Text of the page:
The sunshine wasn’t real. He felt it now. The cold snap of the empty space. Kilometers of darkness illuminated by this thing. The advanced technology developed by humans took them to this moon, kept them alive in space, but this was new. A different threat, they didn’t understand or could foresee. Marcos’ memories shaped quickly, and just as quickly faded into the creature. He frantically devoured every piece of paper in his knapsack until his garden grew enough for him to act.
He turned around and saw a reflective blanket walk towards him. It took him a minute to figure it out. His roommate beckoned him from underneath the blanket and yelled words he couldn’t make out. He threw a book at him that opened up to a page of squiggles he couldn’t decipher.
“Run, come on, just take it, read it while you run,” yelled his roommate from afar.
Thoughts floated away from his head like dandelions seeds being sucked in by a vortex of light. He felt numb, dizzy, and his run slowed. His roommate, a few steps away now, extended his arm to catch him. He missed, and Marcos fell to the ground face-first snapping the few remaining thoughts from his head. The roommate dragged Marcos all the way to their front door and hid them entirely under the protective blanket.
Once the light faded, the roommate opened the door and dragged the catatonic Marcos into the house. A small thought still lingered behind Marcos’ ear. The roommate nurtured it with some music and waited for Marcos to snap out. He placed him gently back on the bed, and gunk began to form around his eyes as the thoughts propagated while he dreamt.
When he woke up, he cleaned the gunk off his eyes and ate more of the paper seeds he had around the bed. Once he felt ready, he called out for his roommate. Sig was a noticeably shorter man with bulgy eyes.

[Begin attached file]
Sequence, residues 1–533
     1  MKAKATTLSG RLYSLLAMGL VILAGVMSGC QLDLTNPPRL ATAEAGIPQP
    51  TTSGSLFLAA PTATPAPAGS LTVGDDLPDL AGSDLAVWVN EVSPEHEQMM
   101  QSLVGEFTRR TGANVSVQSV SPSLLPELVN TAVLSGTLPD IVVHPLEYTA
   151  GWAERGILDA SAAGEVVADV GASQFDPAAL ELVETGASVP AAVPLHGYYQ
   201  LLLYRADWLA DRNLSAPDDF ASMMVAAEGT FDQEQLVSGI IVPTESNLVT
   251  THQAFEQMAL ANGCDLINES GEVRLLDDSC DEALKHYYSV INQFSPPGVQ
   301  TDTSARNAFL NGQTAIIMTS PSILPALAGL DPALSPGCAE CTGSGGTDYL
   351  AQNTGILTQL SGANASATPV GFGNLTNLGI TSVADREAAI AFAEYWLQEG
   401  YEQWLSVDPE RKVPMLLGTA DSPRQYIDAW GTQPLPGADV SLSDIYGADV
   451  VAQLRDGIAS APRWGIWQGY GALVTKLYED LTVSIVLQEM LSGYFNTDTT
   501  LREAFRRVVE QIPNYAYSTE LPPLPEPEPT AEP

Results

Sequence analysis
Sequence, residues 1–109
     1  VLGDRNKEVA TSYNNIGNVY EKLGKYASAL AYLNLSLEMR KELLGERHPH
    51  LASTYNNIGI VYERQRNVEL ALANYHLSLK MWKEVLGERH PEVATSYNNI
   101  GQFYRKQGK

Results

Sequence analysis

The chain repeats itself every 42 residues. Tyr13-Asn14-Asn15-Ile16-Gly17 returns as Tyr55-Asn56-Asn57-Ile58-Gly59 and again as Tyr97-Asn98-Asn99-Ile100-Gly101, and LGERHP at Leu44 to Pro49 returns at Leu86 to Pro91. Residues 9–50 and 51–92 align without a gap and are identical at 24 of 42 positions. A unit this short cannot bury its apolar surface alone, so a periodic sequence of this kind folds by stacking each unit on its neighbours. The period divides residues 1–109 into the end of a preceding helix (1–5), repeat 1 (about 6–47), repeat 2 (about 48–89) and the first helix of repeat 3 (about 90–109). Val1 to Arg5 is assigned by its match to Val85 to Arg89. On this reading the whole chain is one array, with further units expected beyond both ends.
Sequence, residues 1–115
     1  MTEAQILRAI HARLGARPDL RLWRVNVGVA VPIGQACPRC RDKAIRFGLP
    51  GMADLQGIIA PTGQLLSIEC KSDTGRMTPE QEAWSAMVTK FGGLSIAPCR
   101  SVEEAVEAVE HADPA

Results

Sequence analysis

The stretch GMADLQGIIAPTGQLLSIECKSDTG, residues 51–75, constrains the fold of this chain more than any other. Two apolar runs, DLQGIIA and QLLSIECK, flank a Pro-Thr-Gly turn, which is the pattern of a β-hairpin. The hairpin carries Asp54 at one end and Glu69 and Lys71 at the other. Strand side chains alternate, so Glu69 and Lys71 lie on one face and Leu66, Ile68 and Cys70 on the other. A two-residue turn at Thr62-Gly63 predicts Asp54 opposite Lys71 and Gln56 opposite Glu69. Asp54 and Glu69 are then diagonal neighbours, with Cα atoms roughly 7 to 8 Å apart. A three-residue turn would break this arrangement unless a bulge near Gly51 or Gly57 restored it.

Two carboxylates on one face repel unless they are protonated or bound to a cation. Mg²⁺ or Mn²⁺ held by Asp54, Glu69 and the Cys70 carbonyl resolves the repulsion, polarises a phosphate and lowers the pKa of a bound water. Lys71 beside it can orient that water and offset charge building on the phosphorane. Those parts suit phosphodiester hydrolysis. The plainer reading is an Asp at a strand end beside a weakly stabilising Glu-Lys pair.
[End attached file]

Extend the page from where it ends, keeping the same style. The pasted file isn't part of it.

“Yes sir, how are you feeling?” said Sig.
“Did it work?” there was no joy in his tone, all formal and militaristic.
“No. I’m sorry,” Sig stuttered and mumbled.
“Why are you sorry? I’m assuming you pulled me back in?” said Marcos.
“You might not be a soldier, but you’re a brave little nerd, I’ll give you that,” Marcos opened a large window by this bed and cleared the dew accumulated to look outside. “How many do we have left?”
“With you and me, 42.”
“How many barren?”
“444, that we know of.”
“How many dead?”
“4400, as of a few minutes ago.”
“How long has it been?”
“I don’t know, sir, nobody knows, the entity is messing with our perception of time.”
“OK, open the garden again, and let’s try another idea.”
Sig opened a metal door revealing a vast library of media. From books to music, to paintings and sculptures. The trinkets collected of a dying civilization were now the only effective weapon against this threat. They didn’t see it like that, they didn’t see the books, or hear the songs, or feel the sculptures, they only saw plants and flowers. The saw a literal garden because their perception was already altered when they first set foot on this distant moon. The understood it, but that wasn’t enough to break the change of perception. Now it was just a matter of finding the right flower in the garden of thoughts. The right thought to poison the entity and go home.